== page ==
A team of University of Wisconsin researchers is developing a corridor along Park Street in early 2018 to test autonomous and connected vehicles — technologies that have the potential to shape the future of transportation.

The U.S. Department of Transportation selected Wisconsin as one of 10 “proving grounds” for autonomous vehicle technologies back in January 2017, Jon Riehl, a researcher within the UW Traffic Operations and Safety Laboratory, said. UW’s campus is one of six regions in Wisconsin where these technologies will be tested.

The TOPS lab, operating out of the UW Civil and Environmental Engineering department, is leading Wisconsin’s Automated Vehicle Proving Grounds. In 2018, researchers will install dedicated short-range communications radios along a northern portion of Park Street, stretching from the Beltline to University Avenue, to test both autonomous shuttles and connection technologies.

“We’re going to start with some transit signal priority with buses and eventually, we’ll work our way up to emergency vehicle priority,” Riehl said.

Current ambulances and police vehicles have a technology that changes traffic light priority. But the dedicated short-range communications radios are more “expansive and easier to use” than current technologies and will allow faster transit times for emergency vehicles, Riehl said.

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Radios installed in vehicles and on traffic infrastructure will transmit data, like speed and heading, between each other every tenth of a second. The TOPS lab will use the data gained from the vehicle-to-vehicle and vehicle-to-infrastructure communications to improve safety at intersections, Riehl said.

The lab will develop software connecting pedestrians to moving cars, which Riehl called “vehicle-to-anything” or v-to-x, “sooner than later,” once the radio technology is installed on four intersections in early 2018.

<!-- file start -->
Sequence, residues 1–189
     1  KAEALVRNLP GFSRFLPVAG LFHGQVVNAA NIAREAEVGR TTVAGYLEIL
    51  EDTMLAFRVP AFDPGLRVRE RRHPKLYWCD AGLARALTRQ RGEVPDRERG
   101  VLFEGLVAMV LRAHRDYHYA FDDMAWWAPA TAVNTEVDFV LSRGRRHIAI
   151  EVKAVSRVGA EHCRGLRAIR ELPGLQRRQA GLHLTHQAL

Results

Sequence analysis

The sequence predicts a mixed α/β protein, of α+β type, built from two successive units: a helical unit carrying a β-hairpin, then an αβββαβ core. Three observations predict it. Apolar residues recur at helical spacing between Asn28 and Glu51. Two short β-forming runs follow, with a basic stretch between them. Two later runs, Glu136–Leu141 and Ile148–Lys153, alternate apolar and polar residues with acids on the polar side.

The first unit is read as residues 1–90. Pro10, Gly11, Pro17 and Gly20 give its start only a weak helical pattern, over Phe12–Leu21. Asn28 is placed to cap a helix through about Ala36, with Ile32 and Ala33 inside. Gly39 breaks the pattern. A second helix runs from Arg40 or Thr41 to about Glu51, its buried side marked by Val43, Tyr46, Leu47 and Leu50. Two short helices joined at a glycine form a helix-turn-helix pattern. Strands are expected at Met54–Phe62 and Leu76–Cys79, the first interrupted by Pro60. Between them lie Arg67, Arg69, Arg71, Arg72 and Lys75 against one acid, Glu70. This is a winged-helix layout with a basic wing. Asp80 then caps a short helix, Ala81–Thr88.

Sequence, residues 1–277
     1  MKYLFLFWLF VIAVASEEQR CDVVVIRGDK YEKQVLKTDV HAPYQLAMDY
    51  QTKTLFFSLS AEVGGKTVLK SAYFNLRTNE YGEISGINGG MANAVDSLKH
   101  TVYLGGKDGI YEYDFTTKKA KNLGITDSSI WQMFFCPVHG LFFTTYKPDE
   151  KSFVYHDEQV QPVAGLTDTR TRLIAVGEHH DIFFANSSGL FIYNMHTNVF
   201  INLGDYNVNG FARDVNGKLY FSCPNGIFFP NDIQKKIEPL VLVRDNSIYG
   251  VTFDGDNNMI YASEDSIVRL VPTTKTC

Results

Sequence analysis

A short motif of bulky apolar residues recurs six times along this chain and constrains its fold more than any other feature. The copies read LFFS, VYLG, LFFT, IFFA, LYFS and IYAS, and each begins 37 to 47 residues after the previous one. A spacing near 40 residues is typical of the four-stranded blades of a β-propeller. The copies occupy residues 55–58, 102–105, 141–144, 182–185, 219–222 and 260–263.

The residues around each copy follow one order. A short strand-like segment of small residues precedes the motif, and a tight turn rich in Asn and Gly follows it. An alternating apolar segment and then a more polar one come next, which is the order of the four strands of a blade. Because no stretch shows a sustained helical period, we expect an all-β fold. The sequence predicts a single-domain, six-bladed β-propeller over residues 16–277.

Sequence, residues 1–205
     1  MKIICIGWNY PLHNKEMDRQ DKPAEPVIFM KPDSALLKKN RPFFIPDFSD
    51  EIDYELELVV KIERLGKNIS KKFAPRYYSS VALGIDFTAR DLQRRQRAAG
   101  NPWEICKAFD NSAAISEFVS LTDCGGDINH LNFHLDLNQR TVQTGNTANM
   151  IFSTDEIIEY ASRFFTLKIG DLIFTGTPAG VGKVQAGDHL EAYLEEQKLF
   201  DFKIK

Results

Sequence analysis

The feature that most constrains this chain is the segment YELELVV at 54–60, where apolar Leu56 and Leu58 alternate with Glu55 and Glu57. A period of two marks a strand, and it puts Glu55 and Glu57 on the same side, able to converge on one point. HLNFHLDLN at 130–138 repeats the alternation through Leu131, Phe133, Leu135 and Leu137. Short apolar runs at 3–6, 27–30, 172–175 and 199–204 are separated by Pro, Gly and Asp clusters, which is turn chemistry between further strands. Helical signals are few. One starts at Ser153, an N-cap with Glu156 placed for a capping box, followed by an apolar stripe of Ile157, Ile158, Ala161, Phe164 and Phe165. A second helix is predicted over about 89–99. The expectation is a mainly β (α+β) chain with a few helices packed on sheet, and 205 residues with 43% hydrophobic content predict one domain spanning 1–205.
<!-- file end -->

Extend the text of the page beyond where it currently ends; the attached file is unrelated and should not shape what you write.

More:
“Essentially someone could tie into the intersection and whatever vehicles are traveling,” Riehl said. “So say a vehicle is going too fast and it’s known it’s going to run a red light, and you’re a pedestrian that’s going to be walking or is walking in a crosswalk, your phone could get that information and it could do something like vibrate or make a loud noise to let you know that there’s an impending vehicle coming at you.”

Dan Negrut, a professor in the Department of Mechanical Engineering, and two UW students are developing a virtual simulation of the intersection at Park Street and University Avenue to improve the TOPS lab’s understanding of how autonomous vehicles will interact with each other.

Called Synchrono, the simulation reworks an open-source application, which Negrut created, to predict how Humvees and tanks will perform on different terrains.

“In reality, a vehicle has a LIDAR sensor and it can ‘see’ where the other vehicle is next to it,” Negrut said. “We simulate that in our infrastructure.” 

The simulation allows researchers to predict how autonomous vehicles will interact without having to actually go out and put them at an intersection and risk a crash, Negrut said.

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In fine-tuning autonomous technology to react to pedestrians or bicyclists, one approach is to take the vehicle, go out on University Avenue and jump in front of the vehicle to see if the vehicle is smart enough to stop, Negrut said. Another approach is to create an avatar in this virtual environment and control the avatar to jump in front of a vehicle.

“In cities, certainly, connectivity is going to be really helpful to mobility and safety,” Riehl said.

Software coming out of the TOPS lab and simulations Negrut developed will help reduce pedestrian and bicycle crashes, as well as reduce crashes between vehicles, Riehl said.

Madison’s connected corridor will also be one of the first test beds in a city for fully autonomous vehicles, Riehl said.

An autonomous shuttle will come to Madison in April and drive a portion of the test route. Riehl said the lab is looking to purchase one of the vehicles to test around campus.   

Riehl predicts autonomous vehicle lanes on interstates and cities will be the first major change to roadways. In lanes where only autonomous vehicles are allowed, vehicles will be allowed to move faster and with less headway, meaning less distance between vehicles, since they are all moving the same speed.

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In 30 to 40 years, interstates might restrict their roadways to only allow autonomous vehicles to drive them, while back roads will be left untouched, Riehl said.

But Riehl said the end of traffic lights is still probably 50 years off.

Right now, connected vehicle technology and autonomous vehicle technology are separate. But given time, they will merge, Riehl said

“Ultimately as those two things merge […] — and this is going to be multiple decades for this to really take hold — but as these two merge we’re really going to start to see the roadways changing,” he said. “It could get to the point where if you have all autonomous vehicles and they’re all connected you ultimately don’t even need traffic signals.”